The young Edgar Allan Poe (1809-1849) had a remarkable military career of almost four years, which had a lasting effect on his later literary work.
Many Poe biographers speculated about his time in the US Army, but the first who really solved the riddle of Poe’s military life, was Major William F. Hecker (1968-2006), a US Army artillery officer who also had a masters degree in English.
As an assistant professor of English at West Point from 2000 to 2003, Major Hecker had the opportunity to check Poe’s military records, which revealed surprising facts. He presented his findings to an international audience of Poe scholars, at the Second International Edgar Allan Poe Conference (Baltimore, October 2002), where I presented a paper about Poe’s cosmology ‘Eureka’.
In my younger days I served as an artillerist in the Royal Netherlands Army, so I was happy to talk with Maj. Hecker about the military background that we shared with Poe.
Later Maj. Hecker used his groundbreaking research for the book ‘Private Perry and Mister Poe. The West Point Poems’; a facsimile edition of the poems that Poe wrote during his time as a cadet at West Point.[i]
This book was published in 2005, but tragically William Hecker was killed in the service of his country in Iraq in January 2006, so he could never fully enjoy the appreciation for his surprising and original contribution to Poe research.
His death was not only a tragedy for his family, but also a severe loss for the international community of Poe scholars, which lost one of its most innovative members. This essay about Poe is therefore also a tribute to the late William F. Hecker, a field artillery major in the US Army’s 4th Infantry Division.
After Edgar Allan Poe abandoned his studies at the University of Virginia –at 17 he was clearly too young to stand on his own feet- he did not want to go back to his stern foster father John Allan.
So on May 26, 1827 he took the drastic step to enlist in the US Army under the assumed name Edgar A. Perry. He was assigned to the coastal artillery at Fort Moultrie on Sullivan’s Island near Charleston (the location for his later tale The Gold Bug’).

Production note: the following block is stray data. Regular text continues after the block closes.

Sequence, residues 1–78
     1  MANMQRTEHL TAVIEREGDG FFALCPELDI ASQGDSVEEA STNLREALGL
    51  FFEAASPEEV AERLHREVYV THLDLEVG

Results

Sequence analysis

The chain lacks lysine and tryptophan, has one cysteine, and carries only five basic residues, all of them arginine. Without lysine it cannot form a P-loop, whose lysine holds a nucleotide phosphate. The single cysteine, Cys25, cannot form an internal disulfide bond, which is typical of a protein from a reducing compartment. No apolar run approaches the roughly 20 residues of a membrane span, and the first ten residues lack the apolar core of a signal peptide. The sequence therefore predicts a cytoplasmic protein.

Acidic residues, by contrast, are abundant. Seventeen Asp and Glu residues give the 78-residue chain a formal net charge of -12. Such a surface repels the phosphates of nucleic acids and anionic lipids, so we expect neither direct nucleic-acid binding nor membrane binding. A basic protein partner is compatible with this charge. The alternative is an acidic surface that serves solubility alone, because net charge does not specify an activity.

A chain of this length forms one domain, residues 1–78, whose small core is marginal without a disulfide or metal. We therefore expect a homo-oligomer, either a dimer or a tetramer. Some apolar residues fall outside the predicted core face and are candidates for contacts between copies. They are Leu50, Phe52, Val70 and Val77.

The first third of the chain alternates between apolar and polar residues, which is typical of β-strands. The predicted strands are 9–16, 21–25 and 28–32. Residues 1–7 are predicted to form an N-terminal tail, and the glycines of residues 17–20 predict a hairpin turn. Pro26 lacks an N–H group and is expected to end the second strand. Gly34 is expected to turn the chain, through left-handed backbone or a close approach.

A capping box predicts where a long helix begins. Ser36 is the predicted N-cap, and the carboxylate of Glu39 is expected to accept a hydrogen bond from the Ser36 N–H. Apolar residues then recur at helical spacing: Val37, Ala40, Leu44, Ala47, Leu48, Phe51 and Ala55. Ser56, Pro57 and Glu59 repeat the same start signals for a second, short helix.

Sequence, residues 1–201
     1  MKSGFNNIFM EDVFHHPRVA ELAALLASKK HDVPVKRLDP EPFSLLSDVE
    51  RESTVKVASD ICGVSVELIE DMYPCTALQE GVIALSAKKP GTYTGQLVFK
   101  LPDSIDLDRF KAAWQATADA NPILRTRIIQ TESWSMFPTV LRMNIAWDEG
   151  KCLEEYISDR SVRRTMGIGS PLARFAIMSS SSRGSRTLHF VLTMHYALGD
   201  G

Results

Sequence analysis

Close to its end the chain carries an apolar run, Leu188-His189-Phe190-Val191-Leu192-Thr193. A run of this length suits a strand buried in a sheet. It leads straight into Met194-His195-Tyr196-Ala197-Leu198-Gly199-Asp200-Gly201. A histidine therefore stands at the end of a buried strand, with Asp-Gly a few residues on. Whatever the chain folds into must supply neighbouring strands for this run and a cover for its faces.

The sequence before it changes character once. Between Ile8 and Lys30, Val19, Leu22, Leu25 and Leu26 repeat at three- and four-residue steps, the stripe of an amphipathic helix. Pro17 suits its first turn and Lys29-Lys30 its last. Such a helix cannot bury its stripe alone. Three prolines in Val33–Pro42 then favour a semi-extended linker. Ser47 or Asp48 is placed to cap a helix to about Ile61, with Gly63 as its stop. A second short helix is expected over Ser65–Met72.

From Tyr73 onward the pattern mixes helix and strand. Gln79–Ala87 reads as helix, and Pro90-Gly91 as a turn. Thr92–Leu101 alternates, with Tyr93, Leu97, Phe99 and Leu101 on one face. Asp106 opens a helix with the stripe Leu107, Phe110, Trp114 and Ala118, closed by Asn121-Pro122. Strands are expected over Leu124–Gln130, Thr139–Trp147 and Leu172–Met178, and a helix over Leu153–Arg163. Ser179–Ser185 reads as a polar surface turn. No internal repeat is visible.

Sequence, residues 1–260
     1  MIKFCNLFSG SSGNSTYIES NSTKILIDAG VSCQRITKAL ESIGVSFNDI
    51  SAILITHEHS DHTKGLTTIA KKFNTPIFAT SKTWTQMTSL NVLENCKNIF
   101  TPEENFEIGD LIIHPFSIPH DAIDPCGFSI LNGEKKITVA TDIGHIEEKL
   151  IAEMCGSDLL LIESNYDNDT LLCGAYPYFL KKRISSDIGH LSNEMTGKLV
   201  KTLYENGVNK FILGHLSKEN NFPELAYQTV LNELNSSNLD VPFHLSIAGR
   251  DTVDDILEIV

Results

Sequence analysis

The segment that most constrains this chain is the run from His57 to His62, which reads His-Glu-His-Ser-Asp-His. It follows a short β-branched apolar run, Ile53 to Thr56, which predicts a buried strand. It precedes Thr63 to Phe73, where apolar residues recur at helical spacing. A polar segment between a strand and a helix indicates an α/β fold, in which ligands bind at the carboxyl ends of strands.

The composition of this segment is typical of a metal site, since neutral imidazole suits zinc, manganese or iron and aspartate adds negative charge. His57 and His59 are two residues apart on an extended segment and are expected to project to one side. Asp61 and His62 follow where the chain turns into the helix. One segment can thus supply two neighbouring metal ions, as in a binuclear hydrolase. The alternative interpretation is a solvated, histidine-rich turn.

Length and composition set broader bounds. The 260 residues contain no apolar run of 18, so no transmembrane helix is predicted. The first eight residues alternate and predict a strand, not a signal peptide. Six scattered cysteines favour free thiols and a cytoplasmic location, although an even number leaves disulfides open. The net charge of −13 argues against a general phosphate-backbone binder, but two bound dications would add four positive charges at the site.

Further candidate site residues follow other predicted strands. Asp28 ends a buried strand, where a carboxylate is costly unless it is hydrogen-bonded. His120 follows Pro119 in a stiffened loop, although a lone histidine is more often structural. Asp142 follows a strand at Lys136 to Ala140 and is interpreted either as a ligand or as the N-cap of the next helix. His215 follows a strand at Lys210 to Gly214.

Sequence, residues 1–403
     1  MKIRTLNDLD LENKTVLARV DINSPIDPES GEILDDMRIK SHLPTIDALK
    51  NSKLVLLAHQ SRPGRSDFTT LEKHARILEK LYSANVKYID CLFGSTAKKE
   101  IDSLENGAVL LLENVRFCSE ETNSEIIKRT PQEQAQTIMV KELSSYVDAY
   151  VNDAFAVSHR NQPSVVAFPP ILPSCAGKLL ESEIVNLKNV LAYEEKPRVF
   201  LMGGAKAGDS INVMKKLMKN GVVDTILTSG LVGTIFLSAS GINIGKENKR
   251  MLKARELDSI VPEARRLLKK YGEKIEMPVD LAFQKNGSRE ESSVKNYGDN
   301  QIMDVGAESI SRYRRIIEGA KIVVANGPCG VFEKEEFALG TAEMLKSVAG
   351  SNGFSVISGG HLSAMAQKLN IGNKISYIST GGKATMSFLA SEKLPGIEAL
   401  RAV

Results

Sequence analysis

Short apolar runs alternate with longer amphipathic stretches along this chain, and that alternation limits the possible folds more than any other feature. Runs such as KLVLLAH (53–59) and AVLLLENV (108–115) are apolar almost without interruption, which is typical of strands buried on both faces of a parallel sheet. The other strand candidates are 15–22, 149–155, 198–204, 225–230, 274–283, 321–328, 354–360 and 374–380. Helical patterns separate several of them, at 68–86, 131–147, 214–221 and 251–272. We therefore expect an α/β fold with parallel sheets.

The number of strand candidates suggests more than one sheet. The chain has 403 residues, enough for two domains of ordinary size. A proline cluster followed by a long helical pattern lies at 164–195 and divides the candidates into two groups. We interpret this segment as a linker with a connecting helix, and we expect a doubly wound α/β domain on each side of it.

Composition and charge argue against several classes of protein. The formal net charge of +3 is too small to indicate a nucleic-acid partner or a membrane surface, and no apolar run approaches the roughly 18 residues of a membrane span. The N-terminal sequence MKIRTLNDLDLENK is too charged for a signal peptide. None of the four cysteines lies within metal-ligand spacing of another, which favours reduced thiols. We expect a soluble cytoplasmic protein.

His excellent upbringing and education apparently distinguished him from the average enlisted man, because within two months he was given the responsible function of company clerk, planning and managing the daily activities of his battery. This relieved him of unpleasant duties and it brought him into contact with the commanding officers.
These were so pleased with Poe’s accurate work, that within a year he was selected to be trained as an ‘artificer’. That was the most demanding, precise and dangerous job that the army had to offer: calculating, assembling and timing the fuses, bombs and grenades that the artillery used for different purposes. It required very accurate practical skills, as well as knowledge of applied mathematics, chemistry and physics.
This work brought the young Poe into even closer contact with the senior officers, who on January 1, 1829, when he was not yet 20 years old, promoted him to Sergeant Major. This was the highest enlisted rank in the army, with a doubling in pay and a free daily ration of rum or whiskey.
Poe did in less than two years what other enlisted men hoped to achieve in 20 or 30 years, and often did not achieve at all. He also received letters of recommendation for West Point from four of his superior officers, which made him one of the very exceptional soldiers who leave the enlisted ranks to become cadets at West Point. In fact, during a period of at least five years on either side of his own admittance to West Point, Poe was the only one who managed to do so.